By Elias Hazou
THE HOUSE finance committee decided on Monday to table for discussion the possibility of renegotiating the memorandum of understanding (MoU) between Cyprus and its international lenders.
Backing the proposal at a closed-doors session of the committee were AKEL, DIKO, EDEK, the European Party and the Greens. Ruling DISY and the Citizens Alliance did not support the proposal.
The majority of the opposition parties want to summon the finance minister and government officials before the committee to assess progress so far in implementing the MoU, but also to discuss “the need to take stock of, and renegotiate, the memorandum and the loan agreement of the Republic of Cyprus”.
“For 19 months now, we are implementing the memorandum and it has been demonstrated that certain of its provisions are problematic and must be changed,” DIKO leader Nicholas Papadopoulos told reporters after the committee meeting.
“During this time the government has renegotiated and revised the memorandum with regard to basic aspects, such as the National Health Scheme, local administration reform and the banking sector. These changes have been for the worse,” Papadopoulos said.
Amid the depression, unemployment continues to rise and small businesses are closing one after another, he added.
For his part, AKEL’s Yiannos Lamaris accused the government of “outdoing” the troika when it came to austerity policies.
“This is a policy that leads to no economic growth in a time of austerity, it is a dead-end, disastrous policy,” he said.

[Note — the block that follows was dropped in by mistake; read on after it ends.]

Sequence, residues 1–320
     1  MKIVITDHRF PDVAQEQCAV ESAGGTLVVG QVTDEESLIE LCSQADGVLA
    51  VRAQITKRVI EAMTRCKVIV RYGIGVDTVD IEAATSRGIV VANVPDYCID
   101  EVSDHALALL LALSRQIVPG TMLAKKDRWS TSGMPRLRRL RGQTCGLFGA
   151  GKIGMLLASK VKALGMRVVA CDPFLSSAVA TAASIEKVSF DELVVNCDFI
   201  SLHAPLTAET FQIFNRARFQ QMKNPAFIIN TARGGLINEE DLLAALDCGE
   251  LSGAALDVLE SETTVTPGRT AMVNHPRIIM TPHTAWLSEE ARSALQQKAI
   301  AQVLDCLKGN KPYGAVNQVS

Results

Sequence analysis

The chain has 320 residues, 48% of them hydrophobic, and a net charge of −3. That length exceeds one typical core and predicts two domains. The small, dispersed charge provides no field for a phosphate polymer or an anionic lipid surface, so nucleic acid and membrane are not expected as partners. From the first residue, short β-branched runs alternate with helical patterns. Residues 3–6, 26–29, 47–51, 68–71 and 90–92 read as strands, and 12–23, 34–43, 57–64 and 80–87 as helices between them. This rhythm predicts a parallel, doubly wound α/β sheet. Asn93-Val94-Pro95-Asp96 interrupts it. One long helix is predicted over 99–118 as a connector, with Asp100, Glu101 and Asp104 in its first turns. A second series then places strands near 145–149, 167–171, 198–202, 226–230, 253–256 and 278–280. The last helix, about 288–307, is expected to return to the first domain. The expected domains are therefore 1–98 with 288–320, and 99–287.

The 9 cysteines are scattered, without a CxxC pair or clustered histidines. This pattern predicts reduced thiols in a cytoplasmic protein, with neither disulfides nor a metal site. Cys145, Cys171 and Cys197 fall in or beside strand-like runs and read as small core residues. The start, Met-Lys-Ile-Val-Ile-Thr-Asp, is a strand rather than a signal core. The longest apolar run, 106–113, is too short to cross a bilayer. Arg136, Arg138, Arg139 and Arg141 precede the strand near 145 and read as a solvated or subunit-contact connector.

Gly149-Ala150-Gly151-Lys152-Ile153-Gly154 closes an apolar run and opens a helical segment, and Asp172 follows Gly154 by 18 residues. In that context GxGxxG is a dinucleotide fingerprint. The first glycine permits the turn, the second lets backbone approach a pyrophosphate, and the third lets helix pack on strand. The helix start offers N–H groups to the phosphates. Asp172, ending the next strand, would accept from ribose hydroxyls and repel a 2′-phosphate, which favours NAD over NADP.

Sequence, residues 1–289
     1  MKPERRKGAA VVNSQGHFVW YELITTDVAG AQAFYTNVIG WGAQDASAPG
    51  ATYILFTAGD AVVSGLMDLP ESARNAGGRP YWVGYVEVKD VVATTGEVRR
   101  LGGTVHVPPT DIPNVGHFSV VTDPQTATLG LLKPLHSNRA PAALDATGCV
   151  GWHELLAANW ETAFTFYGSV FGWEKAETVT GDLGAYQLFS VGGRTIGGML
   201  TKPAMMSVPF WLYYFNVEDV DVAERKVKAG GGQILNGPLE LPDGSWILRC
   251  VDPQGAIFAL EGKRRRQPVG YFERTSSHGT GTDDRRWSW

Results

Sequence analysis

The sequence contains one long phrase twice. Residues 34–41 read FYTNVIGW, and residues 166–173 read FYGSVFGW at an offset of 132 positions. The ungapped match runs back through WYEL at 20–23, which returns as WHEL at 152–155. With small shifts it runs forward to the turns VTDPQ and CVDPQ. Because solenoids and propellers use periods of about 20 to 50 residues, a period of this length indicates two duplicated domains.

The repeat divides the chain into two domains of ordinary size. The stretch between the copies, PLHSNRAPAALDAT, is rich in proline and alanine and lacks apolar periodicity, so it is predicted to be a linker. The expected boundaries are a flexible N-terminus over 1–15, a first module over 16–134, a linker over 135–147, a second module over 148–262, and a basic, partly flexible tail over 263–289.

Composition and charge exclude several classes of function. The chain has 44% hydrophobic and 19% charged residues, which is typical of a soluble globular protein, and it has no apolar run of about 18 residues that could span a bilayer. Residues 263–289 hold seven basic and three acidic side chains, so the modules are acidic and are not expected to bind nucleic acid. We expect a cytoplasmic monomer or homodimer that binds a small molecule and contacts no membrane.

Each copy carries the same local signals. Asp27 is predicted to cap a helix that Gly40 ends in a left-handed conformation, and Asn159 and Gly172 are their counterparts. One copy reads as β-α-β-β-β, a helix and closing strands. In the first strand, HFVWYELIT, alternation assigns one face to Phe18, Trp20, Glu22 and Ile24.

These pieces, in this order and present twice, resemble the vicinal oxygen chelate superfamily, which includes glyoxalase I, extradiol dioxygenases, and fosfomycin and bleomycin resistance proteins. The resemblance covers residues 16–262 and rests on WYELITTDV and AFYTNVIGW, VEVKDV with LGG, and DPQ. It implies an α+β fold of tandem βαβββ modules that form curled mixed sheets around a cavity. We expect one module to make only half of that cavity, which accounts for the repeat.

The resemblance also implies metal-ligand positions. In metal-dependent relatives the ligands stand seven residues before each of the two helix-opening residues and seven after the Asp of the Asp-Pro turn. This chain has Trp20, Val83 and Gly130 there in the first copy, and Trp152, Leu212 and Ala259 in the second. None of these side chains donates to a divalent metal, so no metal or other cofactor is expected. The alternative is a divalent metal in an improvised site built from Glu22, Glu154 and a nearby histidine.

The administration is being criticised for failing to forcefully negotiate with international creditors, even kowtowing to the troika’s demands. In particular, the government has taken a great deal of flak over bank foreclosures as well as the pending privatisation of state-controlled enterprises.
In turn government officials – and despite poor economic data – have been suggesting that Cyprus may be able to exit the memorandum sooner than scheduled.
Lamaris said the parties’ aim is to exercise checks and balances on the government, rather than supplant the administration as the troika’s interlocutor.
“And – why not – we intend to force the government to do what it has failed to do thus far, namely, to negotiate in the country’s best interest, even at this late hour,” he added.
Some of these same parties – such as DIKO – had back in March 2013 voted in favour of the €10bn loan agreement, a condition of which was the winding down of Laiki Bank and a ‘bail-in’ of depositors at Bank of Cyprus.
Strictly speaking, in March last year the House ratified the loan agreement, but not the MoU per se, which is an agreement subsequently struck between the government and the troika of lenders. The two however are inextricably linked.
That vote had passed with the slimmest of margins (29 to 27), with DISY, DIKO and European Party leader and MP Demetris Syllouris voting for it; AKEL, EDEK, the Greens, independent MP Zacharias Koulias and European Party MP Nicos Koutsou were against.
Sources close to DISY told the Mail that although certain modifications to the MoU are possible, drastic revisions are out of the question.
“It’s just a show they’re putting on,” the sources commented.
The troika itself has recently demonstrated the consequences of straying from the terms of the memorandum, by withholding the next tranche of the bailout after parliament passed a slew of foreclosures-related bills that seemed to contradict the essence of the MoU.